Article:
Last week, Facebook rolled out a new feature allowing businesses in the US and Canada to post job listings, which prospective employees can see on the organization’s Facebook page or through the social media site’s new jobs bookmark. Coming just a few months after the launch of its Workplace office communications platform, one of several new competitors to Slack, Facebook’s jobs feature puts it in competition with the professional networking site LinkedIn, which Microsoft finalized a deal to acquire in December.
The jobs feature allows organizations to post job listings directly to their Facebook page, which will also appear in the news feeds of users who “like” the organization. Companies can also pay to boost a listing’s visibility among a target demographic. Facebook can autofill some of an applicant’s information, and employers can respond to applicants through Facebook Messenger.
The social media giant may be making an aggressive foray into a new market here, but if so, it is downplaying that, with one Facebook executive telling Business Insider that the company is just responding to demand from its user base:
Facebook’s VP of Ads, Andrew Bosworth, told Business Insider that the feature is rolling out after a Facebook-commissioned survey of small business owners in the US that showed the hardest problem they had is finding the right people to hire. “They actually put that ahead of finding new customers and getting sales,” he said. …
Despite the prevalence of existing job sites, Bosworth said that Facebook saw an opportunity to capitalize on the behavior that was already happening on its network. “Pages were already making these posts, they were just doing it ad-hoc,” he said. “We’re bringing a little structure to it… It’s a super lightweight approach to try and connect employers and employees.”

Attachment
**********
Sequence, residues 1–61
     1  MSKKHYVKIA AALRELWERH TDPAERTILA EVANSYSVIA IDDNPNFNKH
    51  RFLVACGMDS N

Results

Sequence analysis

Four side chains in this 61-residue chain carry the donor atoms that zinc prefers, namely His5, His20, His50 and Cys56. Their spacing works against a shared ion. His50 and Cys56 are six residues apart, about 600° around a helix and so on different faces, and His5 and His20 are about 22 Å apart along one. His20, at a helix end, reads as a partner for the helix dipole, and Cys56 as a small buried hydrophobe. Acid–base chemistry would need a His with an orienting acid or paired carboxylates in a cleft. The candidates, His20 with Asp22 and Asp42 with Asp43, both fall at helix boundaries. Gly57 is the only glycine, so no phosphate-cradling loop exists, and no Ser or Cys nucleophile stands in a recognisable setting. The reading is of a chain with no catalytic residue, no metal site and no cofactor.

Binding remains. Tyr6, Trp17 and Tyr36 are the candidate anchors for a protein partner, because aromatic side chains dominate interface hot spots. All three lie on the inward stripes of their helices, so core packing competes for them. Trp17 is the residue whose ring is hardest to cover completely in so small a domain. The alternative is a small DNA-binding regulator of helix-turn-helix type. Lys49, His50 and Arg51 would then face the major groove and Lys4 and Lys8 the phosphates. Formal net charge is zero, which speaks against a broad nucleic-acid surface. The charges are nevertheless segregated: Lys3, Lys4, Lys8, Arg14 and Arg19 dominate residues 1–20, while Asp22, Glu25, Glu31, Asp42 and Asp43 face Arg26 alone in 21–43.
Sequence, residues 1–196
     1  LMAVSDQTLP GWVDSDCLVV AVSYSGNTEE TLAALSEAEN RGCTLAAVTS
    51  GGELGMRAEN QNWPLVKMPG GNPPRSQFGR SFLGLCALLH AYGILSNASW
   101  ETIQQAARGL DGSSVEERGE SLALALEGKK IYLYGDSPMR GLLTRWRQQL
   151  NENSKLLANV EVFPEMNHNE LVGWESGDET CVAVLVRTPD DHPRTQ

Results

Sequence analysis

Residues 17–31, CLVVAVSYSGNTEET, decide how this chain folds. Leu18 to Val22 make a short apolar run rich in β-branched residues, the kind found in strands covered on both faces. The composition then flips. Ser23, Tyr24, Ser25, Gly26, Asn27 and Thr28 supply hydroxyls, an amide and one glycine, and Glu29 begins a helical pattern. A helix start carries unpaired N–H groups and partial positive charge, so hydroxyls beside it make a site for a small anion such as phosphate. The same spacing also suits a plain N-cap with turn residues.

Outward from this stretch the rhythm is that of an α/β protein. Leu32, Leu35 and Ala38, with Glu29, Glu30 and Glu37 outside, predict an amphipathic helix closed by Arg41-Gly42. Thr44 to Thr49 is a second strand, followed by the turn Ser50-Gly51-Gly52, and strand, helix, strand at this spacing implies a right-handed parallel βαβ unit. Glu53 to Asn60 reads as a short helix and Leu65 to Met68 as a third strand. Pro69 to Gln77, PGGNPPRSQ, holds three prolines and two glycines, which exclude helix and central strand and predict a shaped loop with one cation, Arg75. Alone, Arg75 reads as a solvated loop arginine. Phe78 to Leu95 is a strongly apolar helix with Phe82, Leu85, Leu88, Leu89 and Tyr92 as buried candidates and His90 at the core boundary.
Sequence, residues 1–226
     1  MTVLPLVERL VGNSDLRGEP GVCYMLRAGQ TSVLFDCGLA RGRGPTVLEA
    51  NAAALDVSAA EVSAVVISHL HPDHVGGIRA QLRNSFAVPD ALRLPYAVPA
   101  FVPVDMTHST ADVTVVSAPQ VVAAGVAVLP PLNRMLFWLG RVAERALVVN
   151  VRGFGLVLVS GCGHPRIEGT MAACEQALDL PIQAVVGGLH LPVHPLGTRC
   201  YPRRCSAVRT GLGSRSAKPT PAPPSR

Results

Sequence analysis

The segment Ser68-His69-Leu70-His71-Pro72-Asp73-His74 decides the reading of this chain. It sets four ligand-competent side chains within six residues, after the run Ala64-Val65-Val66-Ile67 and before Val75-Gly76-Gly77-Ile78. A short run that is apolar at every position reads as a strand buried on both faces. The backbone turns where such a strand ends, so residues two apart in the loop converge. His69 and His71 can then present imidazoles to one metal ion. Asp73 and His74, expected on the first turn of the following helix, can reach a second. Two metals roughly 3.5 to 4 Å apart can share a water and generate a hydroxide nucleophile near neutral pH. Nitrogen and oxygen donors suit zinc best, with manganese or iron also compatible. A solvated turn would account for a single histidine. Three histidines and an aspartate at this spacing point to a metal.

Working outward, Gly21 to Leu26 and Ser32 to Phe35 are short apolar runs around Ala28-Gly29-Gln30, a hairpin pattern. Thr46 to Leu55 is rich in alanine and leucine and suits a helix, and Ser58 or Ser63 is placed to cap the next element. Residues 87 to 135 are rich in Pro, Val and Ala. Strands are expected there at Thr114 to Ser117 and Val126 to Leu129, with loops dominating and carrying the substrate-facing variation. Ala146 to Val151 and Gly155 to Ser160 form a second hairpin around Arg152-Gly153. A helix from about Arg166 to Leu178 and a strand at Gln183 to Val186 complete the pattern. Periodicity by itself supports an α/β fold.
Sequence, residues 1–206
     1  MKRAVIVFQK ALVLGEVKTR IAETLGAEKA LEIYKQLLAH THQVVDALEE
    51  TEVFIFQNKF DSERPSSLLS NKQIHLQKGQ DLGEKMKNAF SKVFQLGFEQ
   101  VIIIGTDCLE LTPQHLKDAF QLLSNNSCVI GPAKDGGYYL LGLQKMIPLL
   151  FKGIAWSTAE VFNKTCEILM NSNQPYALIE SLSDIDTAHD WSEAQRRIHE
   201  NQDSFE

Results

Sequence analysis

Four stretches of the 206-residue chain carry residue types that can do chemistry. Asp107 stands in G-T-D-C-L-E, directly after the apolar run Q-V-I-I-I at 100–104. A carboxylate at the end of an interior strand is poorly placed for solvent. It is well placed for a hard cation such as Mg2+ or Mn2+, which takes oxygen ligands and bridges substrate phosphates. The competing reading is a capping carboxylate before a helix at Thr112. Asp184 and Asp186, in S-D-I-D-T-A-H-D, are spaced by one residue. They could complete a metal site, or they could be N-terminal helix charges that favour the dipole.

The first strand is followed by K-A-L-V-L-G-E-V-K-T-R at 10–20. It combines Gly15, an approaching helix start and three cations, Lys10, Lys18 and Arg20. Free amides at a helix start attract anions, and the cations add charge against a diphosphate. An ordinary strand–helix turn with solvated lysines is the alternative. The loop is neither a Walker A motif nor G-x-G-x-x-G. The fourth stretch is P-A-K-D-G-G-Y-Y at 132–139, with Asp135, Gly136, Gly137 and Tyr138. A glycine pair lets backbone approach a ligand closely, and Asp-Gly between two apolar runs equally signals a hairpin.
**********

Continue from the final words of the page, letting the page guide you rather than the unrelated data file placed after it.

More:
Writing at Forbes, Lisa Rabasca Roepe doubts that Facebook Jobs will overtake LinkedIn anytime soon in the job search market:
Jonathan Duarte, CEO and cofounder of GoHire, Inc., says he knows of three companies that recently posted jobs and even spent $100 to boost the visibility of their posts yet they only received messages from three or fewer applicants. “An equivalent spend on Indeed or craigslist, or another pay-for-click job board, would have resulted in over 100 responses,” he says.
It’s easy to post an opening, says Rachel Fremont Alansky, president of Seamless HR Solutions, but not as easy to get applicants to respond. “I think it is still too young,” she says. “It looks good for part-time or non-professional jobs. I don’t think it will replace LinkedIn for professional jobs but may replace Craigslist[.]”
One reason why Facebook may have difficulty catching on as a job search site is that users may have concerns about privacy, David Jones points out at TechNewsWorld:
A major test for Facebook’s new job search capabilities is whether users will feel comfortable combining their social media activity with professional job searching, warned Zach Fuller, paid content analyst at Midia Research. Security considerations likely will give some users pause when it comes to allowing potential employers to access their private information.
“Whether consumers are comfortable merging the work and social aspects of their lives will prove to be the critical factor, particularly given the potential privacy issues,” Fuller [said].
However, “throughout every step in job posting, searching and application, people can control how much, or how little of their information is shared with potential employers and their friends,” [according to] Facebook spokesperson Emilie Fetterley[.]